Buck­ing­ham Trails Pre­serve

Lee County’s his­toric park, a place for hors­ing around in par­adise

Gulf & Main - - News - BY CRAIG GAR­RETT Craig Gar­rett is Group Edi­tor-in-Chief for TOTI Me­dia.

Bev­erly Ruck likes a leisurely ride aboard Snick­ers, her Paint geld­ing. But it has been only in the past cou­ple of years that a wide enough spread to en­joy her hobby has pre­sented it­self on the far east­ern edge of Lee County. Ruck and oth­ers on horse­back, in­clud­ing rid­ers with the Caloosa Sad­dle Club of Fort My­ers, are reg­u­lars at Buck­ing­ham Trails Pre­serve, 572 acres man­aged by Lee County Parks and Recre­ation. Lo­cated in east Lee County in the Buck­ing­ham area, the for­mer mil­i­tary base, ju­nior col­lege and con­verted pre­serve of mostly pine flat­woods and open scrub habi­tat has a 2.3-mile trail for hik­ing and nearly five ad­di­tional miles for com­bined eques­trian ac­tiv­ity and hik­ing. “There are nice wide trails,” Ruck says of places at the pre­serve to walk Snick­ers, “and we thor­oughly en­joy it. And oth­ers are just start­ing to find out about it.”

Along with horse­back rid­ing, Buck­ing­ham Pre­serve presents other op­por­tu­ni­ties for out­door en­thu­si­asts, in­clud­ing fish­ing, geo­caching (trea­sure hunts), pic­nick­ing, botany, bird­ing and na­ture pho­tog­ra­phy. Wildlife of­fi­cers re­port an as­sort­ment of crit­ters to ob­serve and pho­to­graph at the pre­serve, such as spoon­bills, ea­gles and the oc­ca­sional feral hog. It is also one of the last ves­tiges of iso­la­tion in South­west Florida, al­low­ing vis­i­tors a place to es­cape and imag­ine what things were like be­fore the ex­plo­sive growth of Florida.

There’s also plenty of his­tory to ex­plore here. The pre­serve is a smidge of the much larger Buck­ing­ham Army Airfield that in the 1940s sprawled across thou­sands of acres. It was a gun­nery train­ing school of some 700 build­ings, of run­ways, air­craft, hous­ing, rail lines and thou­sands of sol­diers and civil­ians. It cost the gov­ern­ment mil­lions to drain the land, build canals and prep the in­fra­struc­ture, ac­cord­ing to ac­counts. Only a few rem­nants re­main of the fix­tures that once in­cluded a rail line where mov­ing tar­gets were placed for the pi­lots to prac­tice gun­nery. Post­card re­pro­duc­tions of the airfield show a much dif­fer­ent time, shar­ing with the re­cip­i­ent “Greet­ings from the Flex­i­ble Gun­nery School of Fort My­ers, Fla.” The post­card de­picts war­planes fly­ing over a lush boule­vard of palms and or­ange-petaled poin­cianas.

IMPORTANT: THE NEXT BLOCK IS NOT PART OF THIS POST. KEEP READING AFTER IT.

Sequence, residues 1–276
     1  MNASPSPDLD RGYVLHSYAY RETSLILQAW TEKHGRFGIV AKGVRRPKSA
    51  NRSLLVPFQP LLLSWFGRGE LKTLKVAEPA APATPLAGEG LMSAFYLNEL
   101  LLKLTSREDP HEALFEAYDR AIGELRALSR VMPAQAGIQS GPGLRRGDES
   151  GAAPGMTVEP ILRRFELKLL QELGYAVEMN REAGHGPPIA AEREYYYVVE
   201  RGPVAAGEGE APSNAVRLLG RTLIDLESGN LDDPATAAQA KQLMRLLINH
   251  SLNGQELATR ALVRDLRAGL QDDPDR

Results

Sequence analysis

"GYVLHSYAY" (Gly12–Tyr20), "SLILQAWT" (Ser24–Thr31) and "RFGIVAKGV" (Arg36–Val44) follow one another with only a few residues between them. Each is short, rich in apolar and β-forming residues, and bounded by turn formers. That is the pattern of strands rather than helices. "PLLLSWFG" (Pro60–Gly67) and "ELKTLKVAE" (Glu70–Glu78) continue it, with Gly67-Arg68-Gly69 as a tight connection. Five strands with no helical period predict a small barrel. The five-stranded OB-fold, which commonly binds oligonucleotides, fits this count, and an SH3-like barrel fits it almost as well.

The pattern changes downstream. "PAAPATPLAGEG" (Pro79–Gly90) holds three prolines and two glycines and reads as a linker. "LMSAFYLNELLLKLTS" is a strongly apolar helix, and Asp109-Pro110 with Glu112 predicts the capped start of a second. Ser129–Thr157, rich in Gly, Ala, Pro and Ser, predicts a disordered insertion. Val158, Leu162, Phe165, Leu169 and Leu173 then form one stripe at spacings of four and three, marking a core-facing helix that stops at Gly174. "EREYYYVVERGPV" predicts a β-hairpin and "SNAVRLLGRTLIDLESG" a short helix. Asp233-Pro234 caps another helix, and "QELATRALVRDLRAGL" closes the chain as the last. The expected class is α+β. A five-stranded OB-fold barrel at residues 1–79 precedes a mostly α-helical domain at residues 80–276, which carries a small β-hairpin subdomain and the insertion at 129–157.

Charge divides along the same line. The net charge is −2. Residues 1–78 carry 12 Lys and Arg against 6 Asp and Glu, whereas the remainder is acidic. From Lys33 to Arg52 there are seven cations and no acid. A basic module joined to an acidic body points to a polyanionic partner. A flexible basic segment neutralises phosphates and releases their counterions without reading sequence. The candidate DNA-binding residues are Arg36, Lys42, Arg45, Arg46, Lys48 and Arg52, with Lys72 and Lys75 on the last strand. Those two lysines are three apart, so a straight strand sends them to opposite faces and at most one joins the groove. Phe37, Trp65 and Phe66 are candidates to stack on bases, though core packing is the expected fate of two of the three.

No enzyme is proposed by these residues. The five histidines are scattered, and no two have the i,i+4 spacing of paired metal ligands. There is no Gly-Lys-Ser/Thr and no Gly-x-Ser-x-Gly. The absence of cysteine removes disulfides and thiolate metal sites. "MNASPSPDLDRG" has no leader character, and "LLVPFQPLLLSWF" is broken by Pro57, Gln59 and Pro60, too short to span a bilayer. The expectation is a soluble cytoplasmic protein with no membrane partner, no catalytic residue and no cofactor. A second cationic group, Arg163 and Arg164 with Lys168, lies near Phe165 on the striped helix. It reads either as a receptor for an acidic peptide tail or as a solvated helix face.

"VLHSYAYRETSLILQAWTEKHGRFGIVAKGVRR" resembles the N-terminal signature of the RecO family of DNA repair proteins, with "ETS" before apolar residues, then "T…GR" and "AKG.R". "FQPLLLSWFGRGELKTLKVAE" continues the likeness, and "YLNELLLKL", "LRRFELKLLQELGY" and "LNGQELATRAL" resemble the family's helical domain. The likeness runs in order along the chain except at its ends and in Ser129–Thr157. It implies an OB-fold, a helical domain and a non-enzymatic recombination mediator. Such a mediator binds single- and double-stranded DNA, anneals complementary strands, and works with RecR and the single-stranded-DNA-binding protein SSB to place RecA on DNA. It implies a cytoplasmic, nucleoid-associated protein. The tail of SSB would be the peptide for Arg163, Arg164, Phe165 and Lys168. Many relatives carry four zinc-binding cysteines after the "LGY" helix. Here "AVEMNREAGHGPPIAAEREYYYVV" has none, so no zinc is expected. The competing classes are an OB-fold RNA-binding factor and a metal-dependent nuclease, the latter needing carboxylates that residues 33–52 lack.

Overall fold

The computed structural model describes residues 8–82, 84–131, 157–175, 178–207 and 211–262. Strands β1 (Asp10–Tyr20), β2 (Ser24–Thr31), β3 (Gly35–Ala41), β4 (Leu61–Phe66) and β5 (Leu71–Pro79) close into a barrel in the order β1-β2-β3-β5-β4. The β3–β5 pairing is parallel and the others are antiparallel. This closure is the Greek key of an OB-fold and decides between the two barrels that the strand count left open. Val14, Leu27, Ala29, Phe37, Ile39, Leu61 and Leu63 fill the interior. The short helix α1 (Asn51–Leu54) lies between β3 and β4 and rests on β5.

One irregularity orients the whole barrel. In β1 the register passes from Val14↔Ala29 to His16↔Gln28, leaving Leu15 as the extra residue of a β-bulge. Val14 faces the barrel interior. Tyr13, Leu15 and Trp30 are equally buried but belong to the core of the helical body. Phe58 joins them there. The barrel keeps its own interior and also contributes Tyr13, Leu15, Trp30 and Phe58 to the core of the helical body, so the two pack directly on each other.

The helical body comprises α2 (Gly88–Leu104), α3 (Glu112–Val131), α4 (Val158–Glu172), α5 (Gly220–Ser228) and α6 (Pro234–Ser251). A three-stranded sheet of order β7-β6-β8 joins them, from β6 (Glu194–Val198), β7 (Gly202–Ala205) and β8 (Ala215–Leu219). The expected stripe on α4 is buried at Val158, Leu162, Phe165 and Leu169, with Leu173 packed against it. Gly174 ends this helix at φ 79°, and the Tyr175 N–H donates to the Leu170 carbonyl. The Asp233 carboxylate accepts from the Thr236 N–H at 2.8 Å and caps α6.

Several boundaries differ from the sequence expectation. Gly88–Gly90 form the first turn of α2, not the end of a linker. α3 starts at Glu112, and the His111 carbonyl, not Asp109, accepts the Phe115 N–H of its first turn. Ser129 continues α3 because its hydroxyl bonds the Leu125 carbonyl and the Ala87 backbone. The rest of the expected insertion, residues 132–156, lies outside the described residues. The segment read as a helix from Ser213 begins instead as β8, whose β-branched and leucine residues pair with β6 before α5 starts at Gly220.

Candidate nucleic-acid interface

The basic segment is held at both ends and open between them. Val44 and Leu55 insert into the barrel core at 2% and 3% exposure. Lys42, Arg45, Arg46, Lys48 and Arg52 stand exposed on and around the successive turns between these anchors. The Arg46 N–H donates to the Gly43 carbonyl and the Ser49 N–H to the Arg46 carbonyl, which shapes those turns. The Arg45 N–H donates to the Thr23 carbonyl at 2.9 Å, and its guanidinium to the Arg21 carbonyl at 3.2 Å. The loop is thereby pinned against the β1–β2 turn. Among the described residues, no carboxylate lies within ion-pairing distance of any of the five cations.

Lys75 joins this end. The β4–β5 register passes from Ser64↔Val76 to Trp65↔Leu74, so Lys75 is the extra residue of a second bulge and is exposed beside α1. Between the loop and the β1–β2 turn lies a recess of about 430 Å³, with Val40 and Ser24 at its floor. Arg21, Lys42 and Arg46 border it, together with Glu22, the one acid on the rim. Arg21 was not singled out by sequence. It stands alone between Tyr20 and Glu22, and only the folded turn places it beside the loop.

Four trap­shoot­ing bunkers also re­main on-site, along with two jeep tracks that were used for tar­get prac­tice. An el­e­vated

The county’s restora­tion work at the pre­serve has in­cluded re­mov­ing and min­i­miz­ing the spread of sev­eral in­va­sive ex­otic plant species.

berm that once served as part of the for­mer mil­i­tary sup­ply rail­road is still ev­i­dent. A cat­tle lease also ex­ists at the pre­serve, with much of the north­west­ern cor­ner of the prop­erty used for agri­cul­tural graz­ing. The longer goal is to re­store the en­tire tract to “a more nat­u­ral com­mu­nity,” ac­cord­ing to the county.

Lee Waller, land stew­ard­ship co­or­di­na­tor for Lee County Parks and Recre­ation with over­sight of Buck­ing­ham Pre­serve and other such parks, says the par­cel was pur­chased for about $12.5 mil­lion in 2008, part of the Lee County Con­ser­va­tion 20/20 Land Pro­gram, the con­tin­u­a­tion of which was placed on the bal­lot and was ap­proved by vot­ers in Novem­ber.

The county’s restora­tion work at the pre­serve has in­cluded re­mov­ing and min­i­miz­ing the spread of sev­eral in­va­sive ex­otic plant species, in­clud­ing dense stands of melaleuca, Brazil­ian pep­per and Aus­tralian pine. In the south­west cor­ner of the pre­serve, a small cy­press head that was pre­vi­ously clogged with melaleuca is now more open and nat­u­ral. Ad­di­tion­ally, along the south­ern and east­ern bound­aries, habi­tat is now im­proved to sup­port go­pher tor­toises, a state-listed pro­tected species, Waller says. Vis­i­tors “love the pre­serve,” Waller adds, “and the his­toric as­pect just makes it even bet­ter.”

Buck­ing­ham Pre­serve is at 8790 Buck­ing­ham Road, Fort My­ers. De­tails are at lee­gov.com.

Along with horse­back rid­ing, Buck­ing­ham Pre­serve presents other out­door op­por­tu­ni­ties such as botany, bird­ing and na­ture pho­tog­ra­phy.

Rid­ers with the Caloosa Sad­dle Club of Fort My­ers and oth­ers on horse­back en­joy miles of path­ways at the Buck­ing­ham Trails Pre­serve.

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